libraries

Paul Andrews

According to Cheptoo Kositany-Buckner, the digital divide is the civil rights issue of the 21st century.

“Having internet access is essential. It’s not a luxury,” she says.

Kositany-Buckner, the deputy director of the Kansas City Public Library, has been working to bridge the digital divide in Kansas City. And the library is the place to do it, she says.

“We provide access to digital content — whether it’s e-books, audio books or research tools you can access online,” says Kositany-Buckner.

Last month, NPR’s Morning Edition announced the second session of its book club. A few members of the Kansas City chapter share their opinions of the selected book, A God In Ruins.

Guests: 

New Master Plan for Johnson County Libraries

May 21, 2015

There's a new master plan for the Johnson County Library system. On this segment of Up to Date, hear consultants' recommendations how many new libraries should be built and which existing ones should be expanded.

Guests:

  • Christopher Leitch is the Community Relations Coordinator for the Johnson County Library.
  • Jill Eyres is an Associate at Group 4 Architecture, Research & Planning.  She is a consultant on the library master plan.

Laura Spencer / KCUR

For centuries, scientists have looked to artists to help visualize the complexities of the human body. The techniques have changed — from wood engravings and copper plate prints to microscopic photos and digital animation — but the focus on storytelling is the same. It’s a profession known as medical illustration and there’s an effort to cultivate more of it in Kansas City. 

Mixing art with science 

The illustration department at the Kansas City Art Institute is tucked into a former grocery store at 43rd and Oak. At two long tables near the entrance, a handful of students quietly surf the Internet or eat a snack just before the start of a biomedical visualization class.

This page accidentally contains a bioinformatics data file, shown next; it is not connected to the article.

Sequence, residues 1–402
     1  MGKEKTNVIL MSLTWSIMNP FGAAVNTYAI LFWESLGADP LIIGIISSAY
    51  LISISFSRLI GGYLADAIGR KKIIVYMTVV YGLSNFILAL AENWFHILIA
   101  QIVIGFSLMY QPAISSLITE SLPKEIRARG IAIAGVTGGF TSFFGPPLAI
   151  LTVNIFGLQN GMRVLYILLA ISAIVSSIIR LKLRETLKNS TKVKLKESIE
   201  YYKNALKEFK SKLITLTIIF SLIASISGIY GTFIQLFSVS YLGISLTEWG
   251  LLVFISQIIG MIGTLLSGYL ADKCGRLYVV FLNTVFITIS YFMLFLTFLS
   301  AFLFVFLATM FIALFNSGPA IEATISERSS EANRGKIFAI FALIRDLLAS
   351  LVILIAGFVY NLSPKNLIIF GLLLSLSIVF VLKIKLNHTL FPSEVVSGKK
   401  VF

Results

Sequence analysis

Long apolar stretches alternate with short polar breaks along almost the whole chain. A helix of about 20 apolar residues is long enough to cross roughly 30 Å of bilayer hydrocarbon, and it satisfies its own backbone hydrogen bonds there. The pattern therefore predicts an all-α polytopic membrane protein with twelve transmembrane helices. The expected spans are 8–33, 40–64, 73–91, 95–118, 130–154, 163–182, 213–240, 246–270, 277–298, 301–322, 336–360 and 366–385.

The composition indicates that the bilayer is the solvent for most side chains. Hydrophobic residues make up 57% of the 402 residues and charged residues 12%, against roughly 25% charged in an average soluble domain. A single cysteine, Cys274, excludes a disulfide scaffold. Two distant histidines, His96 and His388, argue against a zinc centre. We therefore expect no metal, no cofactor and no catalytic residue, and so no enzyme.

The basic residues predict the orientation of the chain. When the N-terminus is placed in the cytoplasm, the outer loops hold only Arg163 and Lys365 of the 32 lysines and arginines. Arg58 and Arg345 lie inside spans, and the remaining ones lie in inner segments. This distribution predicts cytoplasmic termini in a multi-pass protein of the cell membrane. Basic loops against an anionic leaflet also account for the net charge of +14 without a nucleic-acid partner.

Charvex / Wikimedia -- CC

Every Kansas Citian has a list of out-of-towner attractions — barbecue, the Nelson-Atkins, a stroll through the Plaza. But we have been wondering: what should Kansas Citians be putting on our own to-do list? What hidden gems are right next to us that we need to see (or do) at least once?

We asked you to give us your suggestions, and we got a ton of them!

Here we present the incomplete "Kansas Citian bucket list" — a list of things every person in Kansas City should do at least once. Feel free to add additional items in the comments.

Johnson County Public Library

As we increasingly turn to Google and other search engines  for our information needs, is the library becoming obsolete?

Educator and technology expert John Palfrey doesn't think so, though he thinks it needs a system update.

Courtesy Johnson County Library

Johnson County might not have a reputation as a hot spot for cultivating young poets. But that’s exactly what’s been happening for more than a decade now, thanks to some librarians.